Yesterday I started listening to a fresh audiobook, Year of Wonders: A Novel of the Plague by Geraldine Brooks. As the name implies, it’s set around a 17th century outbreak of the Bubonic Plague in England. When the novel opens, the plague has already swept through, and the main character is coping with the emptiness of her village. I’ve barely begun, but the story has a lot of interest for its sheer novelty: I could name social effects of the plague or list a few historical facts about it, but I’ve never read a book set during or after it. But it also made me think of a sort of story I have heard more than once: zombie stories.
I know, I know, there are no zombies in 17th century history. But the empty streets, the feeling of being an island of humanity — those are definitely part of modern post-apocalyptic fiction. And that’s when zombies came up — I began to wonder if zombies are a plague fear. I know, a lot of stories refer to it as “the infection!” and so forth so this may seem obvious to others, but it had never occurred to me to wonder if that’s where zombies get their archetypal oomph. I’ve always figured they were a very literal fear of death, uninteresting from a subtextual standpoint. But in an epidemic, even the people you love can kill you. Especially them, as you stay near them and tend them. Everyone is a threat, anyone could prove the agent of your death. You’re surrounded by bodies and death and there are few survivors, traumatized and isolated. Zombies!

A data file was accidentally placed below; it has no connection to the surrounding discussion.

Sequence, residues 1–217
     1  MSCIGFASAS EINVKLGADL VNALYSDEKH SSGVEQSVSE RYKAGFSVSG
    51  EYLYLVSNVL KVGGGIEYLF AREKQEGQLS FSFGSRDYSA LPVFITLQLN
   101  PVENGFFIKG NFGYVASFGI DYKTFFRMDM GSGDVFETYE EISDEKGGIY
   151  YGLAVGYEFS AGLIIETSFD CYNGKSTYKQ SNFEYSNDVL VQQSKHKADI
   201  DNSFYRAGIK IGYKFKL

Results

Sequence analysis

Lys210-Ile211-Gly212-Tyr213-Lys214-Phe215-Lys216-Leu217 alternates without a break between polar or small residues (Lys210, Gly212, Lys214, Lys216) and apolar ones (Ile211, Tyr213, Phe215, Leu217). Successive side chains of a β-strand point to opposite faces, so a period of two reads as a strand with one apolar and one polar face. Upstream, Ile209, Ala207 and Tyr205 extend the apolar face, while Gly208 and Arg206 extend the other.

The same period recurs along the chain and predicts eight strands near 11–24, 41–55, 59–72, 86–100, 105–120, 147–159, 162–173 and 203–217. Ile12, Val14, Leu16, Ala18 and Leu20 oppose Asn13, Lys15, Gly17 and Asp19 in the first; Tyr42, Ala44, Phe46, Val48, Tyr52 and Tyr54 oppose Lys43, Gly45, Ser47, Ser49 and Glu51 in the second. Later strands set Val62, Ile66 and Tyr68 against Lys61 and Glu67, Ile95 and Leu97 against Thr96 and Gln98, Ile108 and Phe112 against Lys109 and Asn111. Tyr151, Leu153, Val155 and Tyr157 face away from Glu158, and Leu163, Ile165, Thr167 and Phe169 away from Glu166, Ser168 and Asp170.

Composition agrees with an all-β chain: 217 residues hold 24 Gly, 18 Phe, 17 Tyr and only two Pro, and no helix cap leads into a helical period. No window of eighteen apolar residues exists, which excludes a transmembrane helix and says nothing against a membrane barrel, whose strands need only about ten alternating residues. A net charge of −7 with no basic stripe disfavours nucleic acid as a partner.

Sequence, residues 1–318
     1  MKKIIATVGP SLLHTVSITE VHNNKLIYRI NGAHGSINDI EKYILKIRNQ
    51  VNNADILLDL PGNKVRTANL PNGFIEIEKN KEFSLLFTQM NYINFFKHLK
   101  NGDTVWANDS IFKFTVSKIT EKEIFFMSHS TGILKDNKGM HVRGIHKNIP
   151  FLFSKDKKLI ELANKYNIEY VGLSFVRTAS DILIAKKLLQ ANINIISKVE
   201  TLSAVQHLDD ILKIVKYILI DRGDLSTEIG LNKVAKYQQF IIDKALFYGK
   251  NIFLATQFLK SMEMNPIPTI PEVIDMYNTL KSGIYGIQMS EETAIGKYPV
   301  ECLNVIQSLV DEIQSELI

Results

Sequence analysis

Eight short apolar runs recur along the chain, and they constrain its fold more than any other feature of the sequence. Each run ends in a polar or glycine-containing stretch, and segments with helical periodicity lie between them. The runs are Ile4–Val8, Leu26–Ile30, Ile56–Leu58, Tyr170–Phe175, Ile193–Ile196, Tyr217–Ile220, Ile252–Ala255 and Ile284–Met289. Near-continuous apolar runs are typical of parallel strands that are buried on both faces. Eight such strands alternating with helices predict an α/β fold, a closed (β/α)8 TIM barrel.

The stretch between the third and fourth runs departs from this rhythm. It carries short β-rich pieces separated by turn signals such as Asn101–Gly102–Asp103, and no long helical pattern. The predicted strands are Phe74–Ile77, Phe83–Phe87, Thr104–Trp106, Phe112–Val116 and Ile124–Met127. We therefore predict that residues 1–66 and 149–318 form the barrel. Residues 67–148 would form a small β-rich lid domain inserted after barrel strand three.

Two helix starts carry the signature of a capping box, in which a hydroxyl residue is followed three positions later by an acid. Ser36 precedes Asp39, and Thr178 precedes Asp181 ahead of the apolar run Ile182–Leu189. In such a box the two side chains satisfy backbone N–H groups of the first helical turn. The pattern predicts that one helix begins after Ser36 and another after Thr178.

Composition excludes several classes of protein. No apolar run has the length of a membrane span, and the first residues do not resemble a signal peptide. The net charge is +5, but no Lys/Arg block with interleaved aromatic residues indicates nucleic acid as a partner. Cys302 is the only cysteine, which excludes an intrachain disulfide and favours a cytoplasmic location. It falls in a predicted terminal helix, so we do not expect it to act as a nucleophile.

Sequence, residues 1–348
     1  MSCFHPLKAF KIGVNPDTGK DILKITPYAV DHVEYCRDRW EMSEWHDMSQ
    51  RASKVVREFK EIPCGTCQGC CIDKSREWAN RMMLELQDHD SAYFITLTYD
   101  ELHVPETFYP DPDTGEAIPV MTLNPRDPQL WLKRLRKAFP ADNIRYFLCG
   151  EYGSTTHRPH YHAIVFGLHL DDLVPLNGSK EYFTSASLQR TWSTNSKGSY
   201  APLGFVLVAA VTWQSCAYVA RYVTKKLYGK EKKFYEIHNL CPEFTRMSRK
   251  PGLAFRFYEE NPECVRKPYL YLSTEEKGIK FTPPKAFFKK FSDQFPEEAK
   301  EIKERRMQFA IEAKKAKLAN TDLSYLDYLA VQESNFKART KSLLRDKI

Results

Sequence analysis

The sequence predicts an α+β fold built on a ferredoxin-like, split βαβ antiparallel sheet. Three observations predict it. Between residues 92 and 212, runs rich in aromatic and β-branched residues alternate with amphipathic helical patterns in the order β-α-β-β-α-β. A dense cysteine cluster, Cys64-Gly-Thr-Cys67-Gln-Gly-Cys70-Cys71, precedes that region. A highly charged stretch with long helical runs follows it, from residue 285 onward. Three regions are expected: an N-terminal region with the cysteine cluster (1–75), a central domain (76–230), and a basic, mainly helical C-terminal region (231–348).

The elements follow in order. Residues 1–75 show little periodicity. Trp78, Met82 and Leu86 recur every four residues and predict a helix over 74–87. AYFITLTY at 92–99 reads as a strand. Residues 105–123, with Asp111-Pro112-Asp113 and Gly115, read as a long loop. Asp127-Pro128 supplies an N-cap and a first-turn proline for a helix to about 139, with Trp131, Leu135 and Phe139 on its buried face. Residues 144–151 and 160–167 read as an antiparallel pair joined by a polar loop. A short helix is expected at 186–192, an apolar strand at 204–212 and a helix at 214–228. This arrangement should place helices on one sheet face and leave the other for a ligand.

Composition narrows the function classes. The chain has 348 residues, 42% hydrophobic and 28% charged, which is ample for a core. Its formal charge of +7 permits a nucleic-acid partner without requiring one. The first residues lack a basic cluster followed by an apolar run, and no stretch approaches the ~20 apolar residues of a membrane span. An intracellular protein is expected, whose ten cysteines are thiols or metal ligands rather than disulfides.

Ryan responded to this musing of mine by saying he thought zombies came from someone thinking the dead walking and making you one of them would be a good story. But I think recurring stories — especially scary stories, like werewolves and zombies — have to tap into something in the human psyche or they wouldn’t keep coming back. Like plagues and zombies, these stories keep coming and won’t lie down.